It’s been a while dear blog reader, and life has certainly been busy. The addition of a new miniature human to our familial brood has helped evaporate most every spare moment of late, but that hasn’t stopped me from taking pictures, merely from writing about them.
A few weeks ago, we were lucky enough to be invited to a family friend’s home on Heron Island. Where is that you say? Exactly. I’ve lived in the Northwestern US for most of my life now, and I’d never ever heard of Heron Island. After a bit of google based research, I realized why. Heron Island is a private, residential island in the south Puget Sound. Accessible only by private ferry, or a particularly ambitious swimmer, you need to be invited to visit, and we were lucky enough to be summoned for a sojourn.
With dirt roads and absolutely no commercial presence on the island, it is truly an escape from the daily grind. With seemingly more deer than people on the island, we found ourselves exploring the island on foot, via golf cart or by way of a kayak needing to dodge the hordes of foraging four leggers who were obviously not in any way bothered by their human counterparts.
Being a huge fan of water, having been raised on the ocean, I felt at home being surrounded by tidal shifts and the smell of the salty air. Getting to see my two year old experience this explorative freedom, and wild interaction was what I’d always hoped to find parenting to be. The unbridled excitement coupled with the exhausting reality of constantly running around provided us with a great sleeper. For those without kids, this is a pretty big deal.
In a world where we seemingly need to bubble wrap our children based on legal necessity, it is nice to allow a child to run free, to scrape themselves up, to explore with only a watchful eye as protection. I feel this haphazard approach to interacting with the world around us more closely resembles my past reality and one that I fear my children will not get to experience, at least in the same way. Being able to allow sunlight to dictate your curfew and neighbors providing the child’s equivalent to a public bathroom when needed while out playing in years past, my kids are growing up in a time different than when I learned that hopping fences could provide a shortcut home, enabling a few precious extra moments to play before needing to be back for dinner. This type of self directed responsibility and creative envelope pushing creates a wonderful experience from which to draw a comparison while growing and moving through life. I will strive to give my kids as much of this as I possibly can all while helping teach me to let go, to allow them to experience the world from outside my grasp, knowing they will be capable, just as I was, to make decisions for themselves.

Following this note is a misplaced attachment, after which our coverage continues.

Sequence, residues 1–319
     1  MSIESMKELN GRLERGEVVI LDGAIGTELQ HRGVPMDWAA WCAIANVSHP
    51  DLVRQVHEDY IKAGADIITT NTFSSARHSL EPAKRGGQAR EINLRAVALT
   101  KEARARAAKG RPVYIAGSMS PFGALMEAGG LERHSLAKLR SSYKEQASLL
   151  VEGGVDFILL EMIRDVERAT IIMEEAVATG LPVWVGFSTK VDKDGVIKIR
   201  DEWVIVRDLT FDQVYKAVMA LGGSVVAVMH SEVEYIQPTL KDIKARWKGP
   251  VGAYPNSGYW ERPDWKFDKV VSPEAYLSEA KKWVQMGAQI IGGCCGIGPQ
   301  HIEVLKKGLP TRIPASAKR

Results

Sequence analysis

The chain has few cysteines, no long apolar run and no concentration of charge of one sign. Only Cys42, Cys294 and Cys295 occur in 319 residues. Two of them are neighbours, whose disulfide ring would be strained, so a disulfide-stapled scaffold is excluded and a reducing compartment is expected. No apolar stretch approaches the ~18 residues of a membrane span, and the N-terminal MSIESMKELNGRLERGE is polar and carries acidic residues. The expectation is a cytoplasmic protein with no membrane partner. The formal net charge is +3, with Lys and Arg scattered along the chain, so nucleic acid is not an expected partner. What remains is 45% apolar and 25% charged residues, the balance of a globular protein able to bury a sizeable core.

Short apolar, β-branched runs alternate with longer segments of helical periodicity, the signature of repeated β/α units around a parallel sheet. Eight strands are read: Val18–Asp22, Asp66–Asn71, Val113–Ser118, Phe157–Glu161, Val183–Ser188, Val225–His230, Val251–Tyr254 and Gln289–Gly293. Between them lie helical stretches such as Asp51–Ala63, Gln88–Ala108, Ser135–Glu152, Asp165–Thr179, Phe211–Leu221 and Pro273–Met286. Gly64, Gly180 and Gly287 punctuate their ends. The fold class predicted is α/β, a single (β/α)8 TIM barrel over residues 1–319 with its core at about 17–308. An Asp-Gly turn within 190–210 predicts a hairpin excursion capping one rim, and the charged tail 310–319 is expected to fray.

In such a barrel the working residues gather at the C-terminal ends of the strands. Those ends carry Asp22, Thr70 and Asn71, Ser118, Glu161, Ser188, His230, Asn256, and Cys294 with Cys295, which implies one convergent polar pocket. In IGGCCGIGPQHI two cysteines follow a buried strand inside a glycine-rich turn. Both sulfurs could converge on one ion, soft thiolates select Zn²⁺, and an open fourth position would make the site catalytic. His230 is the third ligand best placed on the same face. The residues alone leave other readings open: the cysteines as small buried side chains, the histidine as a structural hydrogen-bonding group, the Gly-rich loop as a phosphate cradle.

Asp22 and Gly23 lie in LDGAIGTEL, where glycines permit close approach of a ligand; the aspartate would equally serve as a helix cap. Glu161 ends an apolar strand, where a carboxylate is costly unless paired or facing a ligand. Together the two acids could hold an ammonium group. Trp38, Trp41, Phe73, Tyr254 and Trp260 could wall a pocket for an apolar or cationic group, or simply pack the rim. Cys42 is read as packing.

I learned quickly to understand my physical limitations and be aware of my surroundings out of necessity and being fortunate enough to learn through mistakes. Mistakes that would be looked upon as neglectful parental oversight I think nowadays. Oh well, the more experiences I can give my kids that allow them to freely explore the world around them is a goal I now seek to employ as often as possible.
While on Heron Island, we were able to relax our responsibilities not only for our kids, but for ourselves as well. That was a wonderful escape from so much necessary daily need that didn’t fully dawn on me until I took the time to go through the pictures and saw that freedom on our faces and sense of wonder in our demeanor.
Life is a constant balancing act, and so much more so with kids. Learning to live within a reasonable framework of moderation and logical sensibility all while letting go and getting to experience the feeling of your stomach dropping out or the rush of life through your hair is an act that I hope to master. So, goodbye and thank you Heron Island, you were a wonderful reminder of a different time which has helped bring me back to what it should be like to be a kid.
Here’s to finding more of that freedom within our daily confines both for ourselves and those who we have chosen to guide through life.
All my best,